By Meg Escott
On this page we'll step through all the essential walk-in closet dimensions that feed into closet design. The measurements on this page are all about component parts, like hanging bar height, shelf height and depth and drawer measurements. If you want to know about the overall size of walk-in closets, take a look a the walk-in closet designs page (coming soon).
This walk-in closet dimensions page forms part of the walk-in closet design series.
This page on bedroom dimensions will also come in useful.
So let's started on walk in closet dimensions with hanging space.
We'll start with the width you need for storing clothes hung on hangers supported by a rod. A comfortable width for this would be 24ins (61cm). As it happens that's the same depth as kitchen base cabinets. You might get away with slightly smaller with 20ins or 51cm but my recommendation would be to stick with the comfort size.
So let's started on walk in closet dimensions with hanging space. There are two types, half hanging height for hanging shirts, tops, most skirts and folded trousers and full hanging height for hanging dresses, long coats and I have also seen bed linen stored on hangers in a full hanging height space. Not a bad idea.
For half height, the average height is 3ft 6ins (1.07m) and for full height the average height is 5ft 6ins (1.68m). When you come to design your closet one of the steps includes measuring your reach so that you can customize your closet dimensions to your height and reach.
If you have one half height hanging space on top of the other, depending on how tall you are the shelf on top would only be useful for seasonal storing. It would be too high for me to reach on an everyday basis for example.
Another little detail about hanging rods is the clearance required between the rod and the surface above. Make sure there's 2ins (5cm) for a hanger to pass over the top of the rod.
So now let's move on to shelves and drawers. First of all, some definitions to make sure you know what I'm talking about. If you were facing your closet the width would be across, the depth backwards and the height up and down.
If your closet is going to have shelves above or below a hanging rod it makes sense that they will be the same as the hanging rod space, so that's 2ft or 61cm. At this depth it makes sense to store items 2 deep but to make this practical the shelf needs to pull out, or be a drawer.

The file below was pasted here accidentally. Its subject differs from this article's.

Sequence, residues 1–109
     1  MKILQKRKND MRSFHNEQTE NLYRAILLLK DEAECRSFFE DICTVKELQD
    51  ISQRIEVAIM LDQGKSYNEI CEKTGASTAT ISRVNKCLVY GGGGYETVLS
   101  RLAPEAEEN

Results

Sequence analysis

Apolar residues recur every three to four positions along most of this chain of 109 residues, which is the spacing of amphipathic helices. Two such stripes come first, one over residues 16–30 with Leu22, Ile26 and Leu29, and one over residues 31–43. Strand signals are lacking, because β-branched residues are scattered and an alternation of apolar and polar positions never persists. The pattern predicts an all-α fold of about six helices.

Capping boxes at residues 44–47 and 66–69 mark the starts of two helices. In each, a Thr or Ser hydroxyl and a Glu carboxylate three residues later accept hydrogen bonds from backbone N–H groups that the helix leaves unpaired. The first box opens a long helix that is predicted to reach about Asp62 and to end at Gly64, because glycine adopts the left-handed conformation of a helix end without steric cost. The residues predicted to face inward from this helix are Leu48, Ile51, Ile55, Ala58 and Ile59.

If you're going to have shelves which inhabit their own space you have more of a choice of how deep the shelves are. 12ins or 1ft / 30cm is a common depth because it matches the depth of kitchen wall cabinets.
If you plan to store shoes on a 1ft shelf, you may need to include a special shoe rack to introduce a slope if your shoes are too big to fit flat on the shelf. I couldn't find any pictures of stilettos from above so you're stuck with brogues in the picture below.
Let's talk a little about shelf and drawer height. Closet shelves should be adjustable and fairly close together and drawer height shouldn't be too much. If you have to stack too many clothing items on top of one another this makes them hard to keep neat and hard to find and retrieve without disturbing making a mess.
I advocate storing no more that 3 or 4 items in folded piles. Since two 3 t-shirts take up a lot less height than 3 fluffy sweaters the secret to getting the right shelf height is in being able to adjust the height of each shelf.
One thing to bear in mind is that drawers become much less useful if they are placed above eye height as it becomes impossible to see what is in the drawers.
If you want to get dressed in your walk-in closet you'll need a minimum space of 4 x 3ft (1.2 x 0.91m). You need 4ft to sit and bend down to put your shoes on or put a top on one arm at a time. The 3ft dimension is in line with corridor width. It works out to be the size of a small changing room you find at retail stores.
So there you have it. The essential closet dimensions. To see how these dimensions play out in closet designs have a look at the other closet design pages.